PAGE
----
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Monday, August 23, 2010

Bedbugs: A Love Story

Once upon a time, seven years ago, Greg and I set out from northern AL, to install ourselves into a decent yet overpriced apartment on the upper west side of Manhattan (actually the location was Morningside Heights, but the realtor called it Upper West Side so.... whatever).

We moved into the apartment with a then-friend. I'd known Adam--we'll call him Adam--for a few years, had acted in a few plays with him back in AL. He was straight and single, we were gay and coupled. Not the best fit for roommates, obviously, but certainly not the worst, in that both G and I got along with Adam.

Adam moved here, to NYC, to pursue acting. I moved here to not be in AL. Greg moved here because I was selfish enough to give him an ultimatum: stay in AL, or come with me to NYC. It is my secret and greatest happiness: Greg decided to move with me. I dunno what I would've done if he'd called my bluff and stayed.

Before we moved to NYC, G and I had spent several years negotiating our living arrangements. We'd been together in the same apartment for three years or so, and had worked out our systems for coping with cohabitation--the bathroom-sharing rituals, the food-preparation system, the mutual consideration of private time versus coupleness. Systematic cohabitation is a difficult thing to negotiate. Not everyone manages to accomplish the perfect balance of individual-vs.-communal living. Someone should teach a class on it. I will be the first to say: I am not the person to teach that class.

Here's what happened with Adam: Things went well for a while. All three of us--G, A, me--were cautious and considerate of one another, trying to be mindful of personal boundaries, and tolerating each others' idiosyncrasies.

Personal idiosyncrasies, btw, are terrible things. We all have them, and we all are under the mistaken impression that what makes us idiosyncratic makes us endearing. This is a lie. What makes us idiosyncratic makes us unbearable to most humans.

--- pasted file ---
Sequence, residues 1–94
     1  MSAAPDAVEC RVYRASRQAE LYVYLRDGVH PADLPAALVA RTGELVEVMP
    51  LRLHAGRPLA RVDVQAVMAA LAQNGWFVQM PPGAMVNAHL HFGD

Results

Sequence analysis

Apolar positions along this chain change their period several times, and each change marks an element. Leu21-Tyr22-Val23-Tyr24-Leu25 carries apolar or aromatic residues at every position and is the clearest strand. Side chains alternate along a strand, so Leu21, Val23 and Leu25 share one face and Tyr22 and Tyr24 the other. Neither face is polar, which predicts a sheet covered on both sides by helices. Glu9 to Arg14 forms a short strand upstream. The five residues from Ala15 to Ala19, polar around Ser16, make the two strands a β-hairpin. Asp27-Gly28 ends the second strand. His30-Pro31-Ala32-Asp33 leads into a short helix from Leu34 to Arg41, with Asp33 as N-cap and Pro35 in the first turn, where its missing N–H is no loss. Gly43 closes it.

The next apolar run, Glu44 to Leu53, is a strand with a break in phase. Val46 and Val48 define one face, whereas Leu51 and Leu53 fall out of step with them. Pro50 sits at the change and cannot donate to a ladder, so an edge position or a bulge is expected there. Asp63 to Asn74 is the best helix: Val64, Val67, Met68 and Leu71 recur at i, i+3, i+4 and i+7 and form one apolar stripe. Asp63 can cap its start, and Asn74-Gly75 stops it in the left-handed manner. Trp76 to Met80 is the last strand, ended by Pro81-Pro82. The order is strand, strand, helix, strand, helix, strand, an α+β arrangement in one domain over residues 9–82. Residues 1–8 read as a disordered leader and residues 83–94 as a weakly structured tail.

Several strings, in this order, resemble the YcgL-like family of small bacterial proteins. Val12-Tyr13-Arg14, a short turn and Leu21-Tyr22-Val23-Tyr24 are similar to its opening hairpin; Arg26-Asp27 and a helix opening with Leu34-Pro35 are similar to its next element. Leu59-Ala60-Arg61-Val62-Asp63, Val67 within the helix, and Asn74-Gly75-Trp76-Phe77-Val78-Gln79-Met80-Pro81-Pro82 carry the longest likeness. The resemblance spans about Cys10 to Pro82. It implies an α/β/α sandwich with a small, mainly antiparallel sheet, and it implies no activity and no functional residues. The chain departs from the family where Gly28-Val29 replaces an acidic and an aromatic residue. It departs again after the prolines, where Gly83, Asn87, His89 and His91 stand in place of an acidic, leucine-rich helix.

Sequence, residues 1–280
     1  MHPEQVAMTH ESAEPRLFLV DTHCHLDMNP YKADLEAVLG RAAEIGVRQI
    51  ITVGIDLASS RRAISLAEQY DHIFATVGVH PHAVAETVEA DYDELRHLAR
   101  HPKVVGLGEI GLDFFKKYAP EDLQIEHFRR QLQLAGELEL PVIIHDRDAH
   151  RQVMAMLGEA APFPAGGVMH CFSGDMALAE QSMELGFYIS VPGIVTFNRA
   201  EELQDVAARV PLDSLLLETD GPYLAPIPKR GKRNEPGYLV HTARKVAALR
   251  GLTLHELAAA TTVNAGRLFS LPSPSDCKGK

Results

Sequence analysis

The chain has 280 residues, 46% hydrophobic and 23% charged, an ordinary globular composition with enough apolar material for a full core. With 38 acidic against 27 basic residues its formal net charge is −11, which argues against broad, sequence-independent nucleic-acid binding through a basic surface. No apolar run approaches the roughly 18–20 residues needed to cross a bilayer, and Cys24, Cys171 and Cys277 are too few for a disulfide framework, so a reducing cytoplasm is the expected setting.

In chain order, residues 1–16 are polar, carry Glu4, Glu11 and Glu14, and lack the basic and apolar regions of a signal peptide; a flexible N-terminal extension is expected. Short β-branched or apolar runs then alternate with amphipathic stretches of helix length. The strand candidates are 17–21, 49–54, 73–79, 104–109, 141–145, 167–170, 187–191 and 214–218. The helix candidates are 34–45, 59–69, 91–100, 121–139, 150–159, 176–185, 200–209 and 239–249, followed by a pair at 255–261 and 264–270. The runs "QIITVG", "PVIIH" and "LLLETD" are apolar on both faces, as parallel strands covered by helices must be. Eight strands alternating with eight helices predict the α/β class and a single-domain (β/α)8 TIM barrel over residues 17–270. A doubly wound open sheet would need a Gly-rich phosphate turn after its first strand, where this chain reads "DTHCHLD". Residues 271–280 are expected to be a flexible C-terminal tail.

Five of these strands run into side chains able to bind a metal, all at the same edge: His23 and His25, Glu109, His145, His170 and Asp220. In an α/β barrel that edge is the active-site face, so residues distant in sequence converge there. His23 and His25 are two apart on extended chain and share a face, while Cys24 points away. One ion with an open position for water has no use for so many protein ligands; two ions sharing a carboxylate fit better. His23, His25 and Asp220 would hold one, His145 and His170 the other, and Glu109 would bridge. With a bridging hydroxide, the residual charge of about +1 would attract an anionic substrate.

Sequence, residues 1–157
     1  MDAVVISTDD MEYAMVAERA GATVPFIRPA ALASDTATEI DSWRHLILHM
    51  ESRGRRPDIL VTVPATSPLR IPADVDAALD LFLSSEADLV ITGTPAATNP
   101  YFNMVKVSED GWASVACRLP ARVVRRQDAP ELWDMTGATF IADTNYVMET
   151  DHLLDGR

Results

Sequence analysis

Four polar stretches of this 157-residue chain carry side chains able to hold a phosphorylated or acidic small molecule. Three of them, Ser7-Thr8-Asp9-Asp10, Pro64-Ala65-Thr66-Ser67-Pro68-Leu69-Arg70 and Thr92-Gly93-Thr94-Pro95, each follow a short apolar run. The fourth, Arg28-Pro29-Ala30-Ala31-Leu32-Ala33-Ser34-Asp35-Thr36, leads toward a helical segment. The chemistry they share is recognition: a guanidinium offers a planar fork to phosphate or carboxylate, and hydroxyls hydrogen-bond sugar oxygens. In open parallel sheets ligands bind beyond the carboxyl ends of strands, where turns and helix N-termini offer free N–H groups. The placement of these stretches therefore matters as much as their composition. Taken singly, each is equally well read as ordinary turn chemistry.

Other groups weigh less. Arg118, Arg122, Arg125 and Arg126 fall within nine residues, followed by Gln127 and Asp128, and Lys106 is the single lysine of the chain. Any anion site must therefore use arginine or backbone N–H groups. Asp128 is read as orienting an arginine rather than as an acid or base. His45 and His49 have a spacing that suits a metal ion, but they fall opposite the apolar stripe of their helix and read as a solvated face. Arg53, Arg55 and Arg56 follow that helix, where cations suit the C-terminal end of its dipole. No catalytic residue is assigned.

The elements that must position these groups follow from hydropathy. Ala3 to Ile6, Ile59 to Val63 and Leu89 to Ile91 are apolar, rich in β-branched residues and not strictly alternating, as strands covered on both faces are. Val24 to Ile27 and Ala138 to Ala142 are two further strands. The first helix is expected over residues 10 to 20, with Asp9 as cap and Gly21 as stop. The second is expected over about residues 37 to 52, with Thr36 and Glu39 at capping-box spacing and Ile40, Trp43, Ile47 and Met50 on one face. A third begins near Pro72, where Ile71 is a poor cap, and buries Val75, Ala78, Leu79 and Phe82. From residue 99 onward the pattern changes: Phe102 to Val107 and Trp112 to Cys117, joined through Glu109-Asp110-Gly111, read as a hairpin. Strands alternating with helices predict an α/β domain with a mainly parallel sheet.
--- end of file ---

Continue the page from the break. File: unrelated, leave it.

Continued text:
After a few months of living together, things deteriorated. G and I began fighting more, Adam became more distant. The three of us realized, perhaps too late, that we weren't working out as cohabitation partners. We tried to work it out. Things got better.

Then, one night just before bed, Greg and I discovered a tiny mobile dot on our bedsheets.

People who have not had bedbugs tend to joke about the overreaction to the bedbug menace. Which I get--I used to joke about it too. Like everyone else, I grew up hearing, "Good night. Sleep tight. Don't let the bedbugs bite." I thought they were a myth: what are bedbugs? What type of bug bites you while you sleep, except spiders? Bedbugs: the boogeyman with more legs, right?

Here's what happened: from the point where we found that first bedbug til two months later, Adam had moved out, I'd quit my job--in a most dramatic and fantastic way--and Greg had been reduced to a sort of ersatz bedbug Hitler, snapping one day, flipping our mattress over and stomping bugs until the bedroom smelled like ammonia.

At night, Greg and I would sleep in long underwear, shirt tails tucked into our pants, pant legs tucked into socks, socks on our feet, hats on our heads, scarves around our necks, gloves on our hands. We'd wake up from half-sleep, swaddled and sweating. We'd move through our days, deprived of sleep, feral, bitter, angry.

Adam, amazingly, didn't have a problem with these fuckers. He slept mostly naked on an inflatable bed, on the floor, in a small alcove of our apartment, where he'd chat loudly on his cellphone to anyone and everyone--an idiosyncrasy of his I never cared for. I also didn't care for his apparent impervious reaction to the bedbugs. G and I were falling apart, but Adam seemed unfazed. They weren't feasting on him at night. They weren't crawling over his blood-infused flesh. They weren't causing him to itch and twitch. After getting off his phone, he'd slip into a deep, peaceful slumber (turned out later the bedbugs were living in the bedroom wall; they did migrate to where Adam slept, but by then he was moving out; he was nice enough to leave a heavily-infested curtain of the fuckers, like a final fuck-you).

Greg and I, during this period, developed a weird mentality, a strange relationship to both the bedbugs and to the people around us. Because of a lack of sleep, both of us became more irritable, more surreal. Conversations with non-bedbug-infested humans were a chore. I'd call a parent, for instance, and find it impossible to have a real conversation--I'd talk nonsense, and scratch at my arm, and become so obsessed with the scratching that I wouldn't hear anything said to me. At work one day, I discovered a bedbug crawling on my coat, transported with me along the MTA to the location I spent hours making money. It felt, somehow, like more of an insult to me to have that little bedbug at work than it did to have it in my bed.